I was first suspicious of the notion of a Plato Code, as the name itself reminds one of the discredit Bible Code, but Kennedy proposes something more down-to-earth, namely that Plato used Pythagorean musical principles in the organization of his dialogues. Three main claims stand out: (i) that dialogues have an internal organization in which high points are placed in 1/12ths, corresponding to notes of a musical scale, (ii) that positive and negative turns of the dialogue correspond to consonant intervals of the scale, and this may allow us to discover what Plato "really thought" in open-ended dialogues, and (iii) that different dialogues have a different length of their 1/12th unit, which stretch from 100 lines for the Apology to 1000 lines for the Republic and 1200 lines for the Laws. Kennedy makes several interesting observations on his material, including an apparent lack of this mathematical structure in some of the Platonica that are universally acknowledged to be spurious.
Is it plausible that Plato went into all this trouble? Kennedy cites some pieces of evidence in favor of his Platonic stichometry thesis. In my opinion, the thesis is plausible: the "secret structure" may sound like a conspiracy theory, yet Plato himself (in the 7th epistle) argued against revealing the highest doctrines to the polloi, and (in the Republic) proposed that the advanced study of geometry and astronomy should be revealed -after preparation- to the guardian class. The idea that Plato had a secret mathematical doctrine, discussed only within the walls of the Academy, also finds support in Aristotle, who recounts the tale of Plato's Lecture on the Good, which ended in disaster when Plato attempted to present his geometrical arguments about the One to a lay audience. And, the relationship between the world created by the demiurge, music, and mathematical proportion is famously presented in the Timaeus.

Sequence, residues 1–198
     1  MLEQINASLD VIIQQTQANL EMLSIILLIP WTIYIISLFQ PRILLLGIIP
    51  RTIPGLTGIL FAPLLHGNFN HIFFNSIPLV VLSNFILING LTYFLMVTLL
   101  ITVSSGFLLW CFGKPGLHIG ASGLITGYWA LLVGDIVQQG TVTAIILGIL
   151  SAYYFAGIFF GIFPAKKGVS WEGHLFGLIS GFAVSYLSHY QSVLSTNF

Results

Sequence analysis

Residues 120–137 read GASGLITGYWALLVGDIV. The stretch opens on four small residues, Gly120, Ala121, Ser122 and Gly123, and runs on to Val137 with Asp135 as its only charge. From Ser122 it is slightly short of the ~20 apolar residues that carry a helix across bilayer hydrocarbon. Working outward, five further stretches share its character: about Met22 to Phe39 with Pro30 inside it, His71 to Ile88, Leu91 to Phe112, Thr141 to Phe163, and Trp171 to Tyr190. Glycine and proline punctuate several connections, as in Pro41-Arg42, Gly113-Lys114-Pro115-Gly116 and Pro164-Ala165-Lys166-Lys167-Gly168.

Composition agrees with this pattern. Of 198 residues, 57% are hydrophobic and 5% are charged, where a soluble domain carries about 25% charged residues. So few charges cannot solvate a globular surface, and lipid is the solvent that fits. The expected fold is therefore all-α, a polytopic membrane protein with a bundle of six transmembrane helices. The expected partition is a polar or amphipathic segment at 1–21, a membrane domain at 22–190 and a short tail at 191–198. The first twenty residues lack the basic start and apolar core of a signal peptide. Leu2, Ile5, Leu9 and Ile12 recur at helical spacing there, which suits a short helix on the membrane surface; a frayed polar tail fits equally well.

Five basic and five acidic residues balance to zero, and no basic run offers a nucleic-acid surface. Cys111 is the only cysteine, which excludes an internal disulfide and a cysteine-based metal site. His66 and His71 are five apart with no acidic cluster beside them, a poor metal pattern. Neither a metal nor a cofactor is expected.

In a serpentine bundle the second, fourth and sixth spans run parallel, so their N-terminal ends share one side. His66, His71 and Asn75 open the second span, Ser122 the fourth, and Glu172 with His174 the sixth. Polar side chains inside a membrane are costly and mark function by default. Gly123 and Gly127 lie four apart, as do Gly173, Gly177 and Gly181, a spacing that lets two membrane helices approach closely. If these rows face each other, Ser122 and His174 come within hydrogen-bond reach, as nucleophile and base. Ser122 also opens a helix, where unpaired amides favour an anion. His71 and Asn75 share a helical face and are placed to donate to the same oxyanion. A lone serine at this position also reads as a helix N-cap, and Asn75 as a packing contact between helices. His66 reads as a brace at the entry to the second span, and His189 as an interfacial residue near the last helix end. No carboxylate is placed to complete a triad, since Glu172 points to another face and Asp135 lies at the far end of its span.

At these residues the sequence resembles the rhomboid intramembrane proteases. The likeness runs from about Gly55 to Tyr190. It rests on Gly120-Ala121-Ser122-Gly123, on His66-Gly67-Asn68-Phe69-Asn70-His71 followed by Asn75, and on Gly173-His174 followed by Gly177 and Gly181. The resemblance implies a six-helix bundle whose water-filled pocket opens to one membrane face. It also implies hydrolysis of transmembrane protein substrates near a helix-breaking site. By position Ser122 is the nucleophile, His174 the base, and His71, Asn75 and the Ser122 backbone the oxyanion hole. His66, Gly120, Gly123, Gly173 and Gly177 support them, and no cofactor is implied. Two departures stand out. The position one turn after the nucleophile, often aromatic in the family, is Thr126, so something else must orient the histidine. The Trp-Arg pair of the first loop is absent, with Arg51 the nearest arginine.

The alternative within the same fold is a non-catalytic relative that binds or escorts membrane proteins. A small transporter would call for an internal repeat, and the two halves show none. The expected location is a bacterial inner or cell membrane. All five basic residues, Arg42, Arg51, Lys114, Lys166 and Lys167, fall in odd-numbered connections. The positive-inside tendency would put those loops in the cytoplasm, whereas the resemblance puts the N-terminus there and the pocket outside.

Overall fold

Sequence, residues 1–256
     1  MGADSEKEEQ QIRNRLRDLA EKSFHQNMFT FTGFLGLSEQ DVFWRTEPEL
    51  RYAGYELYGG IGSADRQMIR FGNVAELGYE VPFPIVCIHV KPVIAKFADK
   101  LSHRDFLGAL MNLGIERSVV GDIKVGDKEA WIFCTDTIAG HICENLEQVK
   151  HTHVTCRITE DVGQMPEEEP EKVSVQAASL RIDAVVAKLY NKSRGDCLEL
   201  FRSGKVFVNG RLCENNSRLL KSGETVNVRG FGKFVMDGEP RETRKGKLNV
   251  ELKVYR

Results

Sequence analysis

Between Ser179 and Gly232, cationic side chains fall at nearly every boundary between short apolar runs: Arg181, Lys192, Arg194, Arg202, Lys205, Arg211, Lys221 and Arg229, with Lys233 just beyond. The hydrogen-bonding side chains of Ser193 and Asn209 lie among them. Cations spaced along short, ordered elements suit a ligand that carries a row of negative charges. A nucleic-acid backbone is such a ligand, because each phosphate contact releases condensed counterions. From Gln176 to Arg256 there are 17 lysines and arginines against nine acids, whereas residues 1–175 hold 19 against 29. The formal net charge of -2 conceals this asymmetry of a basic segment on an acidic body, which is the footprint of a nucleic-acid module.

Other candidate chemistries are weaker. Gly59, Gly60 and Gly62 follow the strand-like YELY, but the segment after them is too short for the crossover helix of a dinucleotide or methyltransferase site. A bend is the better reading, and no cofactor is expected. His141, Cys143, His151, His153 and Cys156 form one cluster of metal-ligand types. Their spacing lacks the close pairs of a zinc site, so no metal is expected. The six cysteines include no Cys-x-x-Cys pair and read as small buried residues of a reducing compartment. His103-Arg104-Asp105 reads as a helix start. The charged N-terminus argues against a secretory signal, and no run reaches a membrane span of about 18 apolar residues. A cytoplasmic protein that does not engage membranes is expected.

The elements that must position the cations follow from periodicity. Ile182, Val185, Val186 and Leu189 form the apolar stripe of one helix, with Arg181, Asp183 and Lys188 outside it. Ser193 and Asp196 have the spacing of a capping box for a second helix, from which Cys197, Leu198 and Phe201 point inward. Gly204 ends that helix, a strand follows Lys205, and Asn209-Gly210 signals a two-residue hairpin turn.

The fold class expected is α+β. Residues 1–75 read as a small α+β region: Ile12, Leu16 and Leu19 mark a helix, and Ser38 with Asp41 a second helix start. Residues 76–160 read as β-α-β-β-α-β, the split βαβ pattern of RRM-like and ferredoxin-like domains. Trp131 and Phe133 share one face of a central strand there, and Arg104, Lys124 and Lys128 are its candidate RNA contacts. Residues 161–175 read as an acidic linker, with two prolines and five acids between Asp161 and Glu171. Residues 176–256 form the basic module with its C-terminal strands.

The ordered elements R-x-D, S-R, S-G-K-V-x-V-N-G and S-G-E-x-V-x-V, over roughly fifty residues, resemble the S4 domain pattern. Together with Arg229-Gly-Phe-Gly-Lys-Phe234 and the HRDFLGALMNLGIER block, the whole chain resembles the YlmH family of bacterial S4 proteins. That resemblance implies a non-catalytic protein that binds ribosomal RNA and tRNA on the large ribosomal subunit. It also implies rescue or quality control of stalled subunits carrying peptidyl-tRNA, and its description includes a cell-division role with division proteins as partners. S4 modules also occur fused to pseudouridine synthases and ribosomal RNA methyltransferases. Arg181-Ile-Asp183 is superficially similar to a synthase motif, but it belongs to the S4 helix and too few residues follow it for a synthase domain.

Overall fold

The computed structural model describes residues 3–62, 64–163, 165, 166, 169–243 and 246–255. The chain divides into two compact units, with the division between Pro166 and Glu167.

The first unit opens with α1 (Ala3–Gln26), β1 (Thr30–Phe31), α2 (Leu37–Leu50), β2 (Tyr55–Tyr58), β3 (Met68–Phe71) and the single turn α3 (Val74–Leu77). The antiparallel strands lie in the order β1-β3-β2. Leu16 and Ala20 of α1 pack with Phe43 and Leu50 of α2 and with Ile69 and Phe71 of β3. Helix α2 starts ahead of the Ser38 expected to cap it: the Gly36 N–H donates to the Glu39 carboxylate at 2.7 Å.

Could it be that as the Timaean demiurge looked at the eternal model of number and proportion to fashion the universe as an expression of a musical scale, so did Plato, as the demiurge of his philosophical universe? It is an intriguing idea.
Even though Kennedy's thesis does not sound like a simple case of quackery, and circumstantial evidence lends it a level of initial credibility, the main weakness of the paper is its lack of statistical elaboration, and its reliance on expert judgments.
Perhaps there is evidence that key themes coincide with 1/12ths, but how many key themes are placed in-between notes? A thorough breakdown of the dialogues based on who is speaking, the topic of discussion, the tone, etc. would allow us to better appreciate whether or not the proposed structure actually exists.